Blue is for boys and pink is for girls. Right? Boys are all slugs and snails and puppy dogs’ tails and girls full of sugar and spice.
But how early do you and your children have to choose their gender stereotype and if you mess with the ‘norm’ are you messing with your child’s future?
Last week I went to the shops buy plasters (or band-aids).
They were for my three-year-old son who, in reality, doesn’t have a scratch on him but has a vague obsession with all things medical.
As we reached the supermarket aisle we faced a choice.
Blue plasters with robots on them?
Or pink plasters with butterflies?
I asked my son, ‘Which ones do you want? Blue or pink?’
‘Pink.’ He replied with absolute toddler confidence.
As I took them from the shelf I heard a brusque voice behind me.
‘You can’t get the boy bloody pink Band-Aids! You’ll turn him gay.’
I turned to see a man in his late 40s, semi-normal looking, his face a mask of outrage and confusion.
How should I reply?
I could have told him about the contrary association of pink with boys in 20th-century America.
Or I could have quoted the article in the trade publication Earnshaw’s Infants’ Department from June 1918, which said:
“The generally accepted rule is pink for the boys, and blue for the girls. The reason is that pink, being a more decided and stronger color, is more suitable for the boy, while blue, which is more delicate and dainty, is prettier for the girl.”
But instead, lost for a clever retort, I simply responded with: ‘Good.’
Then grabbed my son’s hand and headed for the checkout.
I mean – seriously?
I am firmly in the ‘nature NOT nurture’ camp when it comes to homosexuality. I believe your sexuality is innate, not something you pick up on the way, like a taste or distaste for Vegemite.
But as my son gets older I’m realising that an awful lot of people disagree.
Dress your boy in bright colours, let his hair grow a little long, allow him to play with a doll or let him watch ‘Angelina Ballerina’ and you will most certainly be judged.
It’s even worse when it comes to activities.
My son loves to dance so I found a local dance class called ‘Jelly Jazzers’ where the kids basically jump around like cocaine-fuelled monkeys to an assortment of foul Europop. I knew my son would love it.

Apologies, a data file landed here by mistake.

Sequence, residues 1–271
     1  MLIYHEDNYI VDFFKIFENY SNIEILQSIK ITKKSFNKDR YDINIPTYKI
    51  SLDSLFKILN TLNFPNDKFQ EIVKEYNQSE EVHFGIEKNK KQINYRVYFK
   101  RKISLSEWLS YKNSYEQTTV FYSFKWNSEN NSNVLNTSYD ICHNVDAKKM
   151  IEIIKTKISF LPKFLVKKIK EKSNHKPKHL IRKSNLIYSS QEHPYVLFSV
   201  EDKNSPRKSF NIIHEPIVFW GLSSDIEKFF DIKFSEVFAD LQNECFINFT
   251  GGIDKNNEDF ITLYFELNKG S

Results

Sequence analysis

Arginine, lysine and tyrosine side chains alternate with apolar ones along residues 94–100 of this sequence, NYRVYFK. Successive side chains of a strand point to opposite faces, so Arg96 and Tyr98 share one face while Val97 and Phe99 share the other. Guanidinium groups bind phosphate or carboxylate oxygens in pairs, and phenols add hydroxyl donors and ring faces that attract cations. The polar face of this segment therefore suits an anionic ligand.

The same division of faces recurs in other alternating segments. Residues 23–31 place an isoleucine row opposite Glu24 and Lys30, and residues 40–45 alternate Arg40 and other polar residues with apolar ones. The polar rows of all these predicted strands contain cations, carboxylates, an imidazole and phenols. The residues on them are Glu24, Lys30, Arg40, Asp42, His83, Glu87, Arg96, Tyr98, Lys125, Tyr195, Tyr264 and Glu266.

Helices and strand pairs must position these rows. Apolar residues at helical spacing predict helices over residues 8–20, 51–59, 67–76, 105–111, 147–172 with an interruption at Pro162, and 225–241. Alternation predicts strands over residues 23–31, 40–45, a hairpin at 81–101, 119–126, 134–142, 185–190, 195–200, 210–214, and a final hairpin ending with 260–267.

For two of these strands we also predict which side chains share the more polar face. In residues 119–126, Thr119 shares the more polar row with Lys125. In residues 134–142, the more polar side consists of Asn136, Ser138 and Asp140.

But since it was on a Thursday, when I work, I asked my husband to take him.
My son was the only boy.
My husband was the only dad.
The girls all had pink tutus.
When my husband asked why, the teacher told him that lots of parents consider dancing to be a girls-only pastime.
It makes no sense to me.
Haven’t they seen the moves on Usher?
When a boy becomes a man, don’t we associate his cool dance moves with a certain prowess under the sheets?
Aren’t some of the world’s best dancers men?
None of it matters. No dads brought their sons and eventually even my ultra-liberal husband got turned off.
My son also goes to Little Kickers (football for small kids): the class includes 18 boys and one girl. All the parents compliment the parents of said girl on how cool it is that she’s playing football.
So while girls doing ‘boy things’ at a young age is cute, the folk around my way seem to think that boys doing ‘girl things’ is a recipe for homosexuality.
Then there’s the make-up.
My son also likes to try a bit of make-up now and again. I told another parent this and they told me in no uncertain terms that I should ‘nip it in the bud’. Really? Some of my favourite male actors, musicians and pop stars slather themselves in make-up. Many metrosexual pals of mine are known to use a touch of concealer.
And anyway, what the fuck? HE IS THREE!! Can’t the poor kid just be a kid, experiment and be happy?
And even if all of them are right, even if I’m setting my son on a path of absolute gayness – is that such a bad thing?
I won’t care either way if my son is heterosexual or homosexual. I’ll just be delighted that he grows up happy and healthy and loved.
Do you agree with gender stereotyping? Do you dress your girl in pink-only outfits? Do you think boys should be encouraged to play certain games? Let me know.